In a much less spiritual moment, Peter confronts a lying Eddie with, “You want forgiveness—get religion!” Eddie subsequently enters a Catholic church, dips his fingers into the holy water, crosses himself and asks God to kill Peter Parker.
A TV announcer says of Spider-Man, “He seems to have come out of nowhere to answer the prayers of the city.”
MJ (along with most other women in the film) wear blouses and dresses that show cleavage. Some costumes reveal midriff, and a fair amount of leg and back, too. Peter is shown shirtless in the opening credits, and in one scene Harry appears dressed in nothing but his boxers.
MJ and Peter kiss while lying together on a huge spider web in the moonlight. Gwen, a classmate of Peter’s, gives Spider-Man a big kiss (while he hangs upside down). MJ and Harry briefly (but passionately) kiss, too.
When Peter wears the Venom suit under his street clothes, he starts acting out of character and flirts with every girl he comes in contact with. He does some pelvic thrusts. And to make MJ jealous, he pulls Gwen close and does a hot-and-heavy dance number with her. When he sidles up to Mr. Jameson’s secretary in the office, Jameson calls out, “That’s not the position I hired you for!”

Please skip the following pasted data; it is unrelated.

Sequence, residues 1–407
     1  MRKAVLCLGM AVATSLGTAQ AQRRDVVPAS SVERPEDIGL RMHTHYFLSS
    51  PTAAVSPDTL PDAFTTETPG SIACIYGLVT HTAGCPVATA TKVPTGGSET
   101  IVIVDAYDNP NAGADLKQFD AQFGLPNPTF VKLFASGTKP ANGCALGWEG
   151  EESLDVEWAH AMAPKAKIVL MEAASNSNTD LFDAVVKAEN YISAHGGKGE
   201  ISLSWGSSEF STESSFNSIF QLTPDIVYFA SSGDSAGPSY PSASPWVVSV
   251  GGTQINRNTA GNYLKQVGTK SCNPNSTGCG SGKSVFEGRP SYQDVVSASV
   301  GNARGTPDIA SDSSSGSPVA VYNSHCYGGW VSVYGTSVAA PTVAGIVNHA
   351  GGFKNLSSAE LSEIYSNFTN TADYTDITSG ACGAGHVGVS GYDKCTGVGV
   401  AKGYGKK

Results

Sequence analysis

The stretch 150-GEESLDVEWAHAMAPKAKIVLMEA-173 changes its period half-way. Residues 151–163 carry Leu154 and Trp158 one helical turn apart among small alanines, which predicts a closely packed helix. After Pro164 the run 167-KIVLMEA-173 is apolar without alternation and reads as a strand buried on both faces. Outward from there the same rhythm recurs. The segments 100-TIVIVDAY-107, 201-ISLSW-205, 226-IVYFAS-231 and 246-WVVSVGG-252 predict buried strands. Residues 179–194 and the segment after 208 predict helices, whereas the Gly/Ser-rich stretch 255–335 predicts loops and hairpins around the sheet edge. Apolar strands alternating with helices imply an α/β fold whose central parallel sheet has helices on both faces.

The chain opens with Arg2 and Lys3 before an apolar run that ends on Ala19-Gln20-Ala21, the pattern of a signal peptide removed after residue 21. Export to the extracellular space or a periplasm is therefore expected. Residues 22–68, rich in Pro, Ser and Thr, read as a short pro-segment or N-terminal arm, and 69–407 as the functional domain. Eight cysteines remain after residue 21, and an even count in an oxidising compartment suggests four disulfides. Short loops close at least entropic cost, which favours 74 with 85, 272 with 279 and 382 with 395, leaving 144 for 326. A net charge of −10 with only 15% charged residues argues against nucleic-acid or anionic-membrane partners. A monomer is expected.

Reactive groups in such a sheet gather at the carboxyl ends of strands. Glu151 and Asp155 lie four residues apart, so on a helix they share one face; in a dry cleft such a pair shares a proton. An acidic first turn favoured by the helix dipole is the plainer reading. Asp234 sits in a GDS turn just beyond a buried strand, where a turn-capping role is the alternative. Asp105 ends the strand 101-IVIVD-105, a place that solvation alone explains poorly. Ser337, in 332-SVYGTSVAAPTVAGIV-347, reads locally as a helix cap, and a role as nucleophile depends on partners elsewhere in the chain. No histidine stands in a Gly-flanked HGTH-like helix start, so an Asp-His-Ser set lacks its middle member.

[Spoiler Warning] Enveloped in Venom, Eddie gains superpowers and kidnaps MJ. While holding her, he leeringly says to Peter, “My spidey-sense is tingling. If you know what I mean.”
Last go-around we said, “Incrementally more violent than its predecessor, Spider-Man 2 offers up hefty doses of bloodless-yet-intense, highly stylized combat.” No less can now be said about 3. There’s certainly lots of head banging, body slamming and appendage crushing. I wouldn’t really call it cartoonish, but it is superhero-ish in that there’s little blood—even when bodies are impaled.
Tumbling air attacks are the specialty of the day as Spider-Man, Harry and Venom all fly and smash into and through various walls, windows and other objects. Things feel more intense when Harry stabs Spider-Man with a sword. (We see blood on the blade as he withdraws it, but no visible effects on the hero.) Harry also slashes at Peter with sharp blades on his gloves. And we see blood on Harry’s lip at one point. The Venom-suited Spider-Man throws a Goblin bomb back at Harry and it blows up next to his head. (We later see Harry with scars on his face.) Venom has sharp gnashing teeth. A man is impaled by a flying blade. Etcetera.
There is a lot of destruction of surrounding property (smashed and crumbled walls and sidewalks, smashed windows and construction sites). A large crane atop a high-rise starts veering wildly, sending a girder smashing through walls and windows and collapsing floors (people slide around and fall). The police fire guns at Sandman. Harry blows him up. Spider-Man turns him into mud with a torrent of water.
Speaking of Sandman, the filmmakers take advantage of the fact that he can be eroded, showing us acts of violence that normally would be reserved for movies with harsher ratings. For example, Spider-Man holds Sandman’s face up against a racing subway train, and we see half of it disintegrate. We also see Spider-Man’s fists and feet cut through the brute—who at times is sand and at times appears human. Of course, Sandman returns fire with, well, sand, and proceeds to pound Spider-Man to within an inch of his life.